Right, now that we’ve finished our run-through the Africa Commission Report, it’s time to get back to unfinished business: Jeffrey Sachs. You can track the summary of his book The End of Poverty from beginning, but if you’re in a hurry, here’s a quick catch-up.

Sachs out campaigning with Bono. He does that a lot.

Sach’s vision of development

  • The world currently breaks down into XX categories of development:
    • 1 billion rich people (e.g. me and, probably, you);
    • 2.5bn middle-income people, (e.g. Indian IT workers;
    • 1.5bn poor people, e.g. Bangladeshi garment workers; and
    • 1bn extremely poor people, e.g. Malawian villagers.
  • Prior to the industrial revolution of around 200 years ago, pretty much everyone – except tiny noble elites – was extremely poor: scraping buy on subsistence agriculture. It’s technological innovation since then that has generated the tremendous wealth in rich countries.
  • Poverty in poor countries stems from the rates of growth in Europe and America not being mirrored elsewhere. All countries have grown, but some faster than others, and over 200 years this compounds into vast differences in wealth.
  • Some of the factors that have allowed rich countries to grow faster include:
    • Political stability and openness
    • Education systems to breed innovation
    • Access to, and dominance of, the seas
    • Access to the markets of North America
  • In addition, industrialisation reached many parts of the world only through colonialism, which meant a form of development with minimal long-term benefits, which was severely damaged when colonialism ended.
  • Development is not a “zero-sum” game, with a certain amount of wealth to be shared out. Rich countries don’t have to get that way off the back of keeping poor countries poor; it’s possible for everyone to develop further, as the driver of growth -technological innovation – is unlimited.

Why some countries grow slower than others

  • Wealth is increased through four main mechanisms:
    • Saving and investment: for example, a farming family buys a cow, and sells milk as well as grain
    • Trade: instead of just growing to eat, the family sells some crops to a neighbour and buys others, increasing the range of their diet and making a profit
    • Technology: a simple new variety of tougher seed could mean more income
    • Resource increase: a good summer or change in the local environment increases income.
  • So when countries fail to grow, it’s often because these mechanisms are being blocked. If you can’t grow any spare crops to sell, you can’t trade, and you’re more susceptible if the crops fail. Technology not only needs investment to improve, but just to be maintained (machetes break and need repair). Most problematic of all, population growth will naturally reduce the amount of land available to fulfil the needs of each person. So a certain degree of growth is needed just to keep incomes even.
  • At a country level, several factors amount to obstacles of this sort for many poor countries:
    • Geography: landlocked countries have less access to sea trade; countries in areas prone to malaria have a higher disease burden
    • Fiscal trouble: i.e. skint governments who can’t invest to spur trade and growth. This can happen even if there is money around, for example if the government’s tax income all goes on paying debts.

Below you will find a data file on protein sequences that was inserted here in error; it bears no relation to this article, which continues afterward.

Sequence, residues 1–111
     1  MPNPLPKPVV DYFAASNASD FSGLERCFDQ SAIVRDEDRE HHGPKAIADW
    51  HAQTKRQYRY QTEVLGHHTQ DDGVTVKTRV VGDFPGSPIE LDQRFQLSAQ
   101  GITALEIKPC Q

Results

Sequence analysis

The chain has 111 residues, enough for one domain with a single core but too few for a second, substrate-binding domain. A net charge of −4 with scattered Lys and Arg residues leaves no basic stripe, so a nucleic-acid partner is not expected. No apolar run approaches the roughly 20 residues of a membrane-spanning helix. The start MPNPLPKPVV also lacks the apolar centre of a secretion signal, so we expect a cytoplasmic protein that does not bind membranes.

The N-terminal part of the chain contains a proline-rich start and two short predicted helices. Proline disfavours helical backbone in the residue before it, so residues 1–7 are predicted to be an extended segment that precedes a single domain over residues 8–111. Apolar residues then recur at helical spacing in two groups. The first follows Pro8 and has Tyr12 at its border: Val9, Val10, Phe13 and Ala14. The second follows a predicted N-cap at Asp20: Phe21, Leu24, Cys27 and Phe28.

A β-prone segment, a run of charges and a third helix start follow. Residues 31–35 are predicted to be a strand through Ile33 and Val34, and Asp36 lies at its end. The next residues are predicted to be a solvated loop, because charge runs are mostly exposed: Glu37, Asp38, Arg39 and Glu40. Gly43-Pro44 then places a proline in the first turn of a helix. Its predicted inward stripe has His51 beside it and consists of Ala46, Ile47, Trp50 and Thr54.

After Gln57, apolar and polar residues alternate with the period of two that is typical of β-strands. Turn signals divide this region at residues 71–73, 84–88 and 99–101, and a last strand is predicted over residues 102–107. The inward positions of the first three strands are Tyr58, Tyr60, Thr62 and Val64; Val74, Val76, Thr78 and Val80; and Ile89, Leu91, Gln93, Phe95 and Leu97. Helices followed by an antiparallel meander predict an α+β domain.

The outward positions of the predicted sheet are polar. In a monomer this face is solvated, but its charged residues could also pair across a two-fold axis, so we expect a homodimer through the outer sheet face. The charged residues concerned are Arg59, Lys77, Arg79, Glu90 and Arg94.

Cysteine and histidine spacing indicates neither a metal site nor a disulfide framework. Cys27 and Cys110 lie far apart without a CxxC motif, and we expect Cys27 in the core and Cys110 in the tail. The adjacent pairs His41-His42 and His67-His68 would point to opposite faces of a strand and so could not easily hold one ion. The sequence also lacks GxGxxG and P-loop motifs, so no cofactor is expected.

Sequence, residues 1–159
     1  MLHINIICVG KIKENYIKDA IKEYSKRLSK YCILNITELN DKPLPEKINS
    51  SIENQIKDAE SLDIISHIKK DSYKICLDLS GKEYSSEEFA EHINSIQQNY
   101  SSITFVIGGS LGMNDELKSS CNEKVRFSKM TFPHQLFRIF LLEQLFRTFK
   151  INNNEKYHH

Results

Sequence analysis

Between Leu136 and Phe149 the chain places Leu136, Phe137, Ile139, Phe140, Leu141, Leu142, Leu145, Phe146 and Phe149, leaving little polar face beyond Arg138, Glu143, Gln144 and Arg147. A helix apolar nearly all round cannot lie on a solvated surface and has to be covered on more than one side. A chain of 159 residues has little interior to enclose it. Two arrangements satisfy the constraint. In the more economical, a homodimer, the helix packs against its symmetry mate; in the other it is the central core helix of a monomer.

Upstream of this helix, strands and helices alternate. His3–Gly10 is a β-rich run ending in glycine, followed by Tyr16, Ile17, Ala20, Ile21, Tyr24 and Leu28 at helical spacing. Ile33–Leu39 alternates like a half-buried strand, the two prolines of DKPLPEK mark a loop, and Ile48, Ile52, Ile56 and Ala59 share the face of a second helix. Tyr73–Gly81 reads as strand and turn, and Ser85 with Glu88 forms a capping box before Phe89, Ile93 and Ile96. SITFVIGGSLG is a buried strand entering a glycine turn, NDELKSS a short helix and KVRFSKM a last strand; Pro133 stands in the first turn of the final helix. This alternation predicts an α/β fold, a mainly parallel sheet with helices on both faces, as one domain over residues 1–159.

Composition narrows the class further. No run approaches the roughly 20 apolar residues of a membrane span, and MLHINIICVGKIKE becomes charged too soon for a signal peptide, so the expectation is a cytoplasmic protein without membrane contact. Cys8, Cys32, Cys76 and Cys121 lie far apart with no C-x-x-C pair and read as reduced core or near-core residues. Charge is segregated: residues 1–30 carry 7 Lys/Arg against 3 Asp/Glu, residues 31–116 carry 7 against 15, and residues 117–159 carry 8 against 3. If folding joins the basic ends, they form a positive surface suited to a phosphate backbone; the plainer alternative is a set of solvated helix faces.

• Governance trouble: certain basic requirements for trade, like good property laws, can be absent when government is weak (or operates arbitrarily).
    • Cultural barriers: like traditions that prevent women from working
    • Geopolitical barriers: like trade barriers adopted by other countries, e.g. sanctions.
    • Lack of innovation: without developed education sectors poor countries must often make do with technology designed for rich countries.
  • Extreme poverty can create a “poverty trap” which makes it impossible to begin growth. For example, a country that cannot invest in education, research or infrastructure has little hope of developing. Therefore an international framework that is favourable to trade isn’t enough on its own to ensure growth.

Clinical economics

  • Economics, like bodies, are complex, and repairing them takes care and dedicated study
  • While working on one area, say trade, you must maintain other areas, like public services, at a steady level or the entire economy is at risk
  • There are many possible causes of problems, and often more than one will occur at once. Instead of having “flavour of the month” problems which are deemed to be the obstacle for all poor countries, economists should carry out a detailed assessment of each individual economy, including aspects like geography, demographics and culture.
  • Doctors constantly review their diagnoses and update them if the facts change. Economists tend to think they’re right and whatever results don’t fit are blamed on the country in question. Like doctors, they need to be more flexible and prepared to revise diagnoses.
  • Doctors have a well-known and serious ethical code. Economists have been flippant and arrogant in their handling of poor countries’ economies. It takes serious and long-term commitment.

That’s the bare bones of Sachsism. Next, the good doctor takes us on an autobiographical journey through the many economies he’s fiddled with and the lessons he learned. Quick summary of that, coming up next.